It was working for years, then on boot made a high whining sound (almost screeching) and then got a message that no operating system could not be found. i plugged in my old (ME OS) machine and ignored the problem for a month, tried it again ad it boot.. but had incredible lag. so i tried to sestart, only to get the "no OS" message again. but i feel it's at least close to working.
- solution 1: different IDE cable.. no difference - solution 2: swap hard drives: system boot to ME from the other HD, but i'm missing loads of drivers, and ME, ew.
unfortunately, this computer was passed along to me without the Windows XP installation disks, so making a BartsPE boot disk seems to be out of the question. as it's an old machine, but sure it's worth repair money, but it is a better system than i'd otherwise have!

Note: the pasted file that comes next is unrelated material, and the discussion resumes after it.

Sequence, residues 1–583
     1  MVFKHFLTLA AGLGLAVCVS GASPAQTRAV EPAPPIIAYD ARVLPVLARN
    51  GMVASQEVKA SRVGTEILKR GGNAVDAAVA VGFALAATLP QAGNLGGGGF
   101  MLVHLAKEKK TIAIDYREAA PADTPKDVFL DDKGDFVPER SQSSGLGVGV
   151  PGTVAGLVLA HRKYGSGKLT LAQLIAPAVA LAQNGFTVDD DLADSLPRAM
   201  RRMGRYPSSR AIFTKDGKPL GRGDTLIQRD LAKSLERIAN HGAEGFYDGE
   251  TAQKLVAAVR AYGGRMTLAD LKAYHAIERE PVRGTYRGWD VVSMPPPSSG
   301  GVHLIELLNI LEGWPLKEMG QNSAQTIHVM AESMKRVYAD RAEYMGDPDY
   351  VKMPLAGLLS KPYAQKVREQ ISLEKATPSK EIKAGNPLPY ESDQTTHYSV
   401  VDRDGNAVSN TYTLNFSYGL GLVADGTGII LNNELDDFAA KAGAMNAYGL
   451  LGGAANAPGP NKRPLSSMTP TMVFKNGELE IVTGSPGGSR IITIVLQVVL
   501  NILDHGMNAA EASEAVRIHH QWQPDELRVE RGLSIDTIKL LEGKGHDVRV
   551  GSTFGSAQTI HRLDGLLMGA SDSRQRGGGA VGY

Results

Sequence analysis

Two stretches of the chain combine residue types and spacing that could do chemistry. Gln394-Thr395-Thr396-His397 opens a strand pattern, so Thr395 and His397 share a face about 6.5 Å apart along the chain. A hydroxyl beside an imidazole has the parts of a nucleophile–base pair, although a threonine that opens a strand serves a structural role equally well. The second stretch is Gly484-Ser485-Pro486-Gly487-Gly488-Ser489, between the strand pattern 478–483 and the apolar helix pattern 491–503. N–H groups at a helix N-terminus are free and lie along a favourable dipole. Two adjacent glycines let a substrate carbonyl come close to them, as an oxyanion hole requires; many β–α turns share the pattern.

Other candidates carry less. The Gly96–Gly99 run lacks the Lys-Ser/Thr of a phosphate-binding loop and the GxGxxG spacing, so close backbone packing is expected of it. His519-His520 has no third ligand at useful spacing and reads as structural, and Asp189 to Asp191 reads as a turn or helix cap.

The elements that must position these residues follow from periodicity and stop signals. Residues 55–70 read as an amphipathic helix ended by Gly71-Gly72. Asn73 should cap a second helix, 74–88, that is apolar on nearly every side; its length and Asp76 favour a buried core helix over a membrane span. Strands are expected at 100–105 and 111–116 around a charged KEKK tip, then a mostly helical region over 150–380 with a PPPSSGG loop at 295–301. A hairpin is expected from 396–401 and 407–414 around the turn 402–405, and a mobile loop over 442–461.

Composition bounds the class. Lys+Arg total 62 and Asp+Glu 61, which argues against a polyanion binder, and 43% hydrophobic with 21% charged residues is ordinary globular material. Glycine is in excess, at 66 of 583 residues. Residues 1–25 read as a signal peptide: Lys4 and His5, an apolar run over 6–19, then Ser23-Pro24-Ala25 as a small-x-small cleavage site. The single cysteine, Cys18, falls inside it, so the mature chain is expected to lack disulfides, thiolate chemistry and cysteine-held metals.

also i had been "bad" hadn't run disk cleanup tools in ages, and had filled up the space on the drive up to about 1 GB remaining. i'm guessing one or the other of these caused my problem. uhg.
anything else to try to get the HD to boot? or do i just set it to slave and pull any files i need off of it?
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Re: can't find OS
Even if you set it to slave, what has happened is the drive motor is burned out. Lets face it, your HDD is dead and there is no hope of recovery unless you take it to a data recovery shop, and that is $$$$.
The No OS message is the worst message you could possibly see and that is a direct indication that your HDD is dead in the water.
Just go get another HDD or go buy XP to replace ME on that other HDD you have.
Realistically there is nothing you did or didn't do to cause a harddrive failure. It is just the way of the world nothing lasts forever...
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Unusual noises coming from your computer can mean anything from serious trouble to no problems at all. The uncertainty, together with the expense of computer hardware components -- not to mention the risk of losing data and being without your computer -- make it important for you to investigate any unusual sounds as soon as they come to your attention.